Rivers: CNPP faults delay in voter cards distribution
THE Conference of Nigerian Political Parties has faulted the delay by the Independent National Electoral Commission in commencing the distribution of permanent voter cards and the continuous voter registration in Rivers State.
INEC had announced that it would commence the distribution of voter cards in Rivers on August 22, 2014 and end two days after (August 24, 2014) while that of the continuous voter registration in the state would begin from August 28 to 31, 2014.
But the CNPP explained that the time given by INEC for both the distribution of permanent voter cards and continuous voter registration in the state was too short to carry out an accurate exercise.
State Chairman of the CNPP, Dr. Manaigbi Dagogo-Jack, who spoke in a telephone interview with The PUNCH on Monday, argued that it would be difficult for the commission to distribute the permanent voter cards to millions of voters in the state within three days.
Dagogo-Jack pointed out that INEC should have fixed the issuance of permanent voter cards and continuous voter registration earlier than August 2014 so as to give room for the correction of any blunder detected by the electorate or the commission.
He said, “INEC has announced that the registration of voters in Rivers State will be in August. It is proper that registration of voters is done across the country in time and enough time should be given so that would-be voters, who have questions to ask, can get answers.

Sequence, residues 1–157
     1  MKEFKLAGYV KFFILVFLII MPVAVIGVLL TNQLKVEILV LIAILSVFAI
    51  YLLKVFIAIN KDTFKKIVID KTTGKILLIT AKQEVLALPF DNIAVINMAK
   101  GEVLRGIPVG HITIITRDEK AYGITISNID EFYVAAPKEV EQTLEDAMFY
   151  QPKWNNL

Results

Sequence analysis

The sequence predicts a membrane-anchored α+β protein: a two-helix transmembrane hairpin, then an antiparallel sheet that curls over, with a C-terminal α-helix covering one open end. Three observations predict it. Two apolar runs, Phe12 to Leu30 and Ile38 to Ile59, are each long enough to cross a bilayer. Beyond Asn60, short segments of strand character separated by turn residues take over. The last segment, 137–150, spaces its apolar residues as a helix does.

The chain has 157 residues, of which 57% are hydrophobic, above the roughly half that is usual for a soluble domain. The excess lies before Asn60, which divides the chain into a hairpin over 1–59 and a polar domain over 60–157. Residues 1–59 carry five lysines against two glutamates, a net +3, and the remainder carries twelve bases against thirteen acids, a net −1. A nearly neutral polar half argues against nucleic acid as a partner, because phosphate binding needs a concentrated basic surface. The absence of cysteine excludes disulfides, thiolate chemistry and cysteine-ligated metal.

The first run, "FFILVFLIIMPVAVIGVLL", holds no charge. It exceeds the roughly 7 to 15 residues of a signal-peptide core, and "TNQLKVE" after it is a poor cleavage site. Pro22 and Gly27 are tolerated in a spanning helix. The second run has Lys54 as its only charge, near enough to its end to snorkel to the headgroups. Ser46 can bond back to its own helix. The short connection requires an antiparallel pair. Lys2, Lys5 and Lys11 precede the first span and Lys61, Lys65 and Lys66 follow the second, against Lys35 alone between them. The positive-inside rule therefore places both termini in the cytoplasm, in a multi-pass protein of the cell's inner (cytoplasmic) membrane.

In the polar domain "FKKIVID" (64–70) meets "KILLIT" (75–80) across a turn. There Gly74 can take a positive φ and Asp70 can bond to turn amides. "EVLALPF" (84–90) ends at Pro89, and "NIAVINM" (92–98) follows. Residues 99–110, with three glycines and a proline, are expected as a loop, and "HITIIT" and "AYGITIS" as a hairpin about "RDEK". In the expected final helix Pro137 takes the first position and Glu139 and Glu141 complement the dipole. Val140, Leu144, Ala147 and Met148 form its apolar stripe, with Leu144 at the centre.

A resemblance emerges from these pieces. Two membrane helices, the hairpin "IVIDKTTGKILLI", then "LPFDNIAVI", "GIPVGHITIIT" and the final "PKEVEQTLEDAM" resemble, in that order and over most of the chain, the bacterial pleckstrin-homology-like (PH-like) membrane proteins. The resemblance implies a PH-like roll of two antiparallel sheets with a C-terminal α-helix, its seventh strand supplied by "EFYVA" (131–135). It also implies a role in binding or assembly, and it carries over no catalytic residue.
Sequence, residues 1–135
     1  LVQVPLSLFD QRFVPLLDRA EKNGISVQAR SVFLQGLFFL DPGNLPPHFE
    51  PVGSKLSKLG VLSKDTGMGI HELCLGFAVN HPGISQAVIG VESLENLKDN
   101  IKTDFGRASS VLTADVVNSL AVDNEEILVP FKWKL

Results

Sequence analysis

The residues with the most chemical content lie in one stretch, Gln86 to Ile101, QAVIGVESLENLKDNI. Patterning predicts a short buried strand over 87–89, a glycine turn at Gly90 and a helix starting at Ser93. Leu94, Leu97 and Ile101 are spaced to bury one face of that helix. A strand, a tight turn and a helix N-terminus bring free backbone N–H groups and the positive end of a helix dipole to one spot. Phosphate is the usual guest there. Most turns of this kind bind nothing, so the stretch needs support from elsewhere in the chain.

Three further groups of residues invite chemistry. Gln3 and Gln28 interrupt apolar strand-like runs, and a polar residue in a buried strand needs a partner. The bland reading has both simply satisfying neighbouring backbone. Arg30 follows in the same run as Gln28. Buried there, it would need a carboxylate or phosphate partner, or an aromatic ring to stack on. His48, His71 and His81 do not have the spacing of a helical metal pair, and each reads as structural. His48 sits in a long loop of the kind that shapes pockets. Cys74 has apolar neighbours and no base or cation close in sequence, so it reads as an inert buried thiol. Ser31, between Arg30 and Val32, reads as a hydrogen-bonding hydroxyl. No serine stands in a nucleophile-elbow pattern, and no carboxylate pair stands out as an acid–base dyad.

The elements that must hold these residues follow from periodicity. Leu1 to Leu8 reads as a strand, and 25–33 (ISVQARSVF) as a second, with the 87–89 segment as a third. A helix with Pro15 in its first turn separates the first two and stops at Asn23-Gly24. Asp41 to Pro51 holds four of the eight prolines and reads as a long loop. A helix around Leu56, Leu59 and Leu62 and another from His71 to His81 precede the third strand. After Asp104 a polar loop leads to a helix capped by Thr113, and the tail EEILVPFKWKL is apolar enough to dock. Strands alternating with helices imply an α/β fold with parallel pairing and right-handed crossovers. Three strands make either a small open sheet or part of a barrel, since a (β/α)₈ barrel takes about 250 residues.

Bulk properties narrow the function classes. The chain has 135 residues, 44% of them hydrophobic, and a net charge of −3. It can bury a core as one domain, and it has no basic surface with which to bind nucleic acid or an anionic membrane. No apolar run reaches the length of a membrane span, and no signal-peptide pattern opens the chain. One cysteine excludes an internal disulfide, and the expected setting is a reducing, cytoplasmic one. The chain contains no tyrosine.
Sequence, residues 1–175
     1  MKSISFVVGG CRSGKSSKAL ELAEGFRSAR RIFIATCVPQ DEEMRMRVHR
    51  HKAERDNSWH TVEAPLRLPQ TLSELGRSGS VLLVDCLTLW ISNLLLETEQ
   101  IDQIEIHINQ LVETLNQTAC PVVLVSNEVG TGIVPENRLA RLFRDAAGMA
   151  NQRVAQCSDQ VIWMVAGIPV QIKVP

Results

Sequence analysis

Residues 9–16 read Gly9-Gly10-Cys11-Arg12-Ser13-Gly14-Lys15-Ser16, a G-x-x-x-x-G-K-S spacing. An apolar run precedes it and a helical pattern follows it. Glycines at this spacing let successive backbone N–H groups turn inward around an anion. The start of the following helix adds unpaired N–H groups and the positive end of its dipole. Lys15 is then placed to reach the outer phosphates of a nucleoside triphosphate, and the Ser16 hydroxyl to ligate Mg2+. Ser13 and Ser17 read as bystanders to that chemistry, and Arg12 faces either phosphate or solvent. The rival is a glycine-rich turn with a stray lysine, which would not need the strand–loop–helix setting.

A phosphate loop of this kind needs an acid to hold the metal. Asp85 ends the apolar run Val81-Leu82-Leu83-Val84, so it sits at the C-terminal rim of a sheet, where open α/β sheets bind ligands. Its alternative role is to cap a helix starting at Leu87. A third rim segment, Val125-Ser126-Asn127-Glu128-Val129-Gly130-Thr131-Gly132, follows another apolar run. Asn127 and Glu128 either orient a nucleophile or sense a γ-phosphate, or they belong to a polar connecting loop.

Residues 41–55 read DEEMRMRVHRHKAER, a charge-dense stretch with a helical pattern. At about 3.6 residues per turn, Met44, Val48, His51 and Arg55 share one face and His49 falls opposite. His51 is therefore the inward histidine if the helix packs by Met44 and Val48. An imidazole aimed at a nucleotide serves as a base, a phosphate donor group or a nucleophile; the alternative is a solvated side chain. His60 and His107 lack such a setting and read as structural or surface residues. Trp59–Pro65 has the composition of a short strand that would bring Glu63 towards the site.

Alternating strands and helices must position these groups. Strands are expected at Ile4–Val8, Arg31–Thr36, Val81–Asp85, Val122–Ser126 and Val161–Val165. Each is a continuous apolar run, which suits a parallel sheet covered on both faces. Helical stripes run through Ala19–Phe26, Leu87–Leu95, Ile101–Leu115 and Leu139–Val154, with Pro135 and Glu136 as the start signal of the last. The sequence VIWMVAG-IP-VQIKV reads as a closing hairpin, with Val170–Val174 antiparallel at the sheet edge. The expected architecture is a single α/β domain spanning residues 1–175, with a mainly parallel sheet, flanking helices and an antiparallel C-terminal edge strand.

“There may be errors in the distribution of permanent voter cards and INEC will need enough time to correct such errors. As the chairman of the CNPP in Rivers State, I see no reason why voters’ registration has not been conducted by now.
“They are now shifting it to August. There is no reason for that. I think that the permanent voters’ cards should be given to the voters now. INEC should commence the continuous voter registration in Rivers without further delay,” he said.
Dagogo-Jack, however, expressed the need to stop the use of soldiers in areas where elections were being conducted.
Citing the situation in Ekiti State during the recent governorship election as an example, the state CNPP said the ‘heavy’ presence of soldiers during election period was capable of making mockery of the nation’s democracy.
Dagogo-Jack explained that rather than send the military to election arenas, they (soldiers) should be drafted to the North to fight Boko Haram and release the missing girls in Chibok, Borno State.
He argued that since the electorate in Ekiti State were civilians, the heavy presence of soldiers in the state during the election was unnecessary.
He cautioned that such a situation should not be a standard for the 2015 elections in any state, adding that the military presence during elections was inimical to the growth of democracy anywhere in the world. (5)